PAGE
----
The Puerto Rican Legal Defense & Education Fund was established through the leadership of Cesar Perales, Victor Marrero and Jorge Batista to protect the civil rights of Puerto Ricans.
OUR BOLD HISTORY
In 1972, three brilliant young Puerto Rican lawyers made a bold move: using the legal system to challenge the inequities inflicted on the Puerto Rican diaspora in New York City. Jorge Batista, Victor Marrero and Cesar Perales launched the Puerto Rican Legal Defense and Education Fund, a civil rights organization modeled on the NAACP’s Legal Defense Fund.
Today, LatinoJustice PRLDEF is a national nonprofit that’s played a profound role in advancing equity and justice for Latinx communities in the U.S., Puerto Rico and for others, as well as fostering the next generation of Latinx leaders in the legal field and in our communities.
Below are some selected milestones from the five-decade history of LatinoJustice PRLDEF.
Aspira v. Board of Education, PRLDEF’s first case establishes the right of NYC public school children, to receive bilingual education while simultaneously learning English.
Lopez v. Dinkins and other cases enforce the right to bilingual ballots and interpreters for Puerto Rican voters established by Congress in 1965. After PRLDEF’s efforts normalized regional bilingual voting systems, Congress extended them to other Spanish-dominant citizens as well as Native American and Asian American voters.
Guardians Association litigation reaches U.S. Supreme Court and establishes standards for employment discrimination challenges to civil service exams in the uniformed services.
Attorney General of NY v. Soto-Lopez reaches U.S. Supreme Court and protects Puerto Rican veterans who enlist while living in Puerto Rico the same civil service benefits as veterans from any state.
PRLDEF Institute for Puerto Rican Policy publishes ground-breaking report on abysmal state of Latino appointments and elections to New York Courts.
PRLDEF and Robert Kennedy, Jr. join forces to sue the U.S. Navy for violations of environmental and civil rights laws in Vieques, Puerto Rico.
Lozano v. Hazleton successfully challenges the country’s first anti-immigrant ordinance – the case begins a wave of successful challenges to anti-Latino immigrant copycat laws throughout the U.S.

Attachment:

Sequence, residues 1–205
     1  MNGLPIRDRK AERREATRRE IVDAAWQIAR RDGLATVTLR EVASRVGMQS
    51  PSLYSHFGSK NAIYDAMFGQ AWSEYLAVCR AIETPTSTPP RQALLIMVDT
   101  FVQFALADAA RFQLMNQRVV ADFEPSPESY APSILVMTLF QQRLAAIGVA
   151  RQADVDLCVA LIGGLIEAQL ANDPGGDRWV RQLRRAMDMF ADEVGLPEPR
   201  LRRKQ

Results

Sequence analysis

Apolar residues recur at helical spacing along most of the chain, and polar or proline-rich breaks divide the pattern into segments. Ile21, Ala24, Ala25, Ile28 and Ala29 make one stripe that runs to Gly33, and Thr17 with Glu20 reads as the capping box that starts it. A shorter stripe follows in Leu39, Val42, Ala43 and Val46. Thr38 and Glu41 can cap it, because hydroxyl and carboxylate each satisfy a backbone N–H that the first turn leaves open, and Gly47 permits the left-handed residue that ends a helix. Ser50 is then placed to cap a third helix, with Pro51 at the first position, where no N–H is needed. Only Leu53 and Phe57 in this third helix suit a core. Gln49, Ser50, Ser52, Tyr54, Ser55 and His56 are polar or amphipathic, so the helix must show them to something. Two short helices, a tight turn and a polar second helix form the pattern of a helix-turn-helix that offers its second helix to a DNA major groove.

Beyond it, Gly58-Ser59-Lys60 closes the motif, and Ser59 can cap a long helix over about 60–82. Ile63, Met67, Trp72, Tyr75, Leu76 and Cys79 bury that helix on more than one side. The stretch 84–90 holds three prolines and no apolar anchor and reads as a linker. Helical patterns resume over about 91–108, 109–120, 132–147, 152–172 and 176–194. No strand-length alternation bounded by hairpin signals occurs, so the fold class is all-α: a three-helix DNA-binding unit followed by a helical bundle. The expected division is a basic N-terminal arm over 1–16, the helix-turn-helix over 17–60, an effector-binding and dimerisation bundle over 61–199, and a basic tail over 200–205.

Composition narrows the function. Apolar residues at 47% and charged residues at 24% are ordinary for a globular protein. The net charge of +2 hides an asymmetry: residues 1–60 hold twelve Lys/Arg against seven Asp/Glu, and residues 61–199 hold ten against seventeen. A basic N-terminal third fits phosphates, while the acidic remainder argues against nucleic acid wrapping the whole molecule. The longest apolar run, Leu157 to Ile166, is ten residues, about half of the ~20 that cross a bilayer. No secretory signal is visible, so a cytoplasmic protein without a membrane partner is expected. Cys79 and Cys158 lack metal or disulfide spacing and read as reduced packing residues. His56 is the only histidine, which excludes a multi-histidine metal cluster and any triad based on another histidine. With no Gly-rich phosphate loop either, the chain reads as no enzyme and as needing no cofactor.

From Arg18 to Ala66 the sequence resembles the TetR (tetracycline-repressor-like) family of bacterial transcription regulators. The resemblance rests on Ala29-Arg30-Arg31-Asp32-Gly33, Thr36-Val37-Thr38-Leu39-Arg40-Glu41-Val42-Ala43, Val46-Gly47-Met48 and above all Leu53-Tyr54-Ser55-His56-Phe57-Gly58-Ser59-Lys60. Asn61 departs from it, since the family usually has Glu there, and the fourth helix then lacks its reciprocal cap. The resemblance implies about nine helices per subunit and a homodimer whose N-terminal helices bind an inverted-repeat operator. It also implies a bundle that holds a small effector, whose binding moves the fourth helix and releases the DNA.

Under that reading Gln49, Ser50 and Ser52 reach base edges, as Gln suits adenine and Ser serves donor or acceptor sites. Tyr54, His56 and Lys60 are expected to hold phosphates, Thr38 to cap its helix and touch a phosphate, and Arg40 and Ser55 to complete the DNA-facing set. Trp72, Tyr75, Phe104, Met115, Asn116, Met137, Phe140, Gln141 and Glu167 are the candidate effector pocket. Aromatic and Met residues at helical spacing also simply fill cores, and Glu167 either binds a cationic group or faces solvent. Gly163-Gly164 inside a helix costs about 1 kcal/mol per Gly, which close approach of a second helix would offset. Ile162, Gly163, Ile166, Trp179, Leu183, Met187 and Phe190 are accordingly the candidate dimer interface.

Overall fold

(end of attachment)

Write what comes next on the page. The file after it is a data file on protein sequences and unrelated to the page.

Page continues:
PRLDEF formally becomes LatinoJustice PRLDEF. The new name signified the evolving nature of the Latino community, the makeup of the organization’s clients, and legal cases, while simultaneously reflecting its Puerto Rican roots.
Judge Sonia Sotomayor is elevated to the U.S. Supreme Court as the first Latino/Latina to ever serve. Justice Sotomayor previously served as a member of the PRLDEF Board of Directors starting in 1980. LJP was instrumental in Senate confirmation hearings to ward off extremist charges against her nomination.
LJP opens a Southeast Regional Office in Orlando, Florida to serve the growing Puerto Rican / Latino community in Florida, Georgia and the Southeast.
LatinoJustice responded to the unprecedented disaster of the aftermath of Hurricane Maria, working with the local legal community to open an office that has provided legal assistance to thousands of Puerto Ricans, on the island and in the Diaspora, seeking relief and recovery.
After 45 years, PRLDEF Education Division has assisted 10,000 Puerto Rican and Latino attorneys through counseling and preparatory programs.
LJP’s Southwest Regional Office opens in Austin, Texas with a focus on criminal justice policy and advocacy. We also launched our “Decolonize Justice” film series documenting the harm the current criminal justice system has brought upon Latinx communities.
Our new Center for Racial Justice launches, bringing a focus to our racial justice work.